PARIS, FRANCE – JUNE 25: In this photo illustration, a visual representation of the digital … [+]
After months of rumors and attempts by several companies, ProShares launched the first Bitcoin ETF this week. It is the ProShares Bitcoin Strategy ETF (ticker: BITO). Now you can deal with Bitcoin in your broker account.
First of all, while this helps with the complexities of owning Bitcoin, it doesn’t eliminate potential fees. The ETF (Exchange Traded Fund) charges 0.95% per year. That is, if you invest $ 10,000 in the fund and the price doesn’t change, you will be billed $ 95 per year for holding the investment. That’s pretty high for an ETF, but fees can come down as other Bitcoin ETFs hit the market. Also keep an eye on the bid-ask spreads as this ETF will continue to trade over time as the fund has now increased in volume.
Technically, the fund doesn’t actually own Bitcoin. The fund holds bitcoin futures based on the bitcoin reference price of the Chicago Mercantile Exchange. This frees the fund from the tricky business of Bitcoin custody and may be one reason the SEC first approved this fund. However, this means that the ETF is exposed to all of the risks inherent in the futures market, such as counterparty risk and potential margin and collateral requirements.
Depending on how the futures are traded, there is also a certain risk that the price movements of futures do not exactly mirror the price movements of Bitcoin. Futures and ETFs are both established financial instruments, so the overall risks here are low.
However, the price of a future that does not match its spot price is pretty routine for a variety of reasons. So when you buy the ETF don’t expect your returns to perfectly replicate the Bitcoin price. Of course, time will tell if this works out in your favor. There may well be times when spot bitcoin does better and other times when futures have an advantage.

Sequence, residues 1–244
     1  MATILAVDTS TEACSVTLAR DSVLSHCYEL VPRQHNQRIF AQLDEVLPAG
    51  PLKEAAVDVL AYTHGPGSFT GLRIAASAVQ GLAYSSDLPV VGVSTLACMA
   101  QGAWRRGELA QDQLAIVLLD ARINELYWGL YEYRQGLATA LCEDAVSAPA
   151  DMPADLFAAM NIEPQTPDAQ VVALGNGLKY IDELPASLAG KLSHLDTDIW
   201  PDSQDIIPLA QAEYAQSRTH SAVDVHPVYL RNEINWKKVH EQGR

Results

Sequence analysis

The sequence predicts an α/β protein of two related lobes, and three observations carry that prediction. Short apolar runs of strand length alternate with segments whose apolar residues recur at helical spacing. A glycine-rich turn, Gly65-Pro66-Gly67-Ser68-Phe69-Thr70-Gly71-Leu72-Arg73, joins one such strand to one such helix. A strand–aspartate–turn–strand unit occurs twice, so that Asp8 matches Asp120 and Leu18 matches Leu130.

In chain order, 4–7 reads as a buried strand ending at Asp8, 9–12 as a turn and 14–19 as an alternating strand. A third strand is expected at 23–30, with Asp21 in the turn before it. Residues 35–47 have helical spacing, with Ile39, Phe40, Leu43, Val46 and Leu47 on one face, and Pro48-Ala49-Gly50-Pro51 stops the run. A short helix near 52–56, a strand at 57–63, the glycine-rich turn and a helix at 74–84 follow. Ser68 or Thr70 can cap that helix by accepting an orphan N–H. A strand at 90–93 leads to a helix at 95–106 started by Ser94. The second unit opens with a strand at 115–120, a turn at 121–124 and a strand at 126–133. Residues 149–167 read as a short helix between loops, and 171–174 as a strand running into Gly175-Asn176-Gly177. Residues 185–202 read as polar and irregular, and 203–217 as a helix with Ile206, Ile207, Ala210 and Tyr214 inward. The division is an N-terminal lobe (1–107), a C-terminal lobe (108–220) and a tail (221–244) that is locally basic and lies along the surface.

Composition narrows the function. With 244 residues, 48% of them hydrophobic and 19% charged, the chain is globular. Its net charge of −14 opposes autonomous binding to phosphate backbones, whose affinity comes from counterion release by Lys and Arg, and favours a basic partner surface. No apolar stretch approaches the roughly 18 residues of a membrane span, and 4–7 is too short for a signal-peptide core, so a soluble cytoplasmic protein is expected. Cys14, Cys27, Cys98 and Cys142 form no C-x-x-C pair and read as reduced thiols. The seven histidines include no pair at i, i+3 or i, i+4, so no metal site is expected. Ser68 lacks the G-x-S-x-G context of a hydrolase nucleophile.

However, some studies have shown that if the way the ETF futures trades are known to other market participants, it can hurt returns due to front running and other practices. Extreme market events such as financial crises can also cause the ETF to deviate from the Bitcoin price.
It’s also worth noting that unlike many ETFs, this isn’t a diversified strategy. For example, if you own an S&P 500 ETF, then Apple AAPL is having a bad day (or year), Amazon can have a good day, and you will likely benefit from the advances of better performing companies over time. With this ETF it is a bet on Bitcoin alone, and if Ethereum or any other cryptocurrency outperforms Bitcoin, for example, you will not benefit.
So this is a relatively expensive way to own Bitcoin because of the 0.95% per year embedded fee in the ETF. Given the use of futures and the annual fee, it is unlikely that Bitcoin’s spot price will be closely tracked.
However, it’s also an easy way to make Bitcoin part of your portfolio and a major milestone in financial innovation. Perhaps most importantly, the approval of this ETF should pave the way for other innovations in the cryptocurrency space that will make these assets more accessible to investors.
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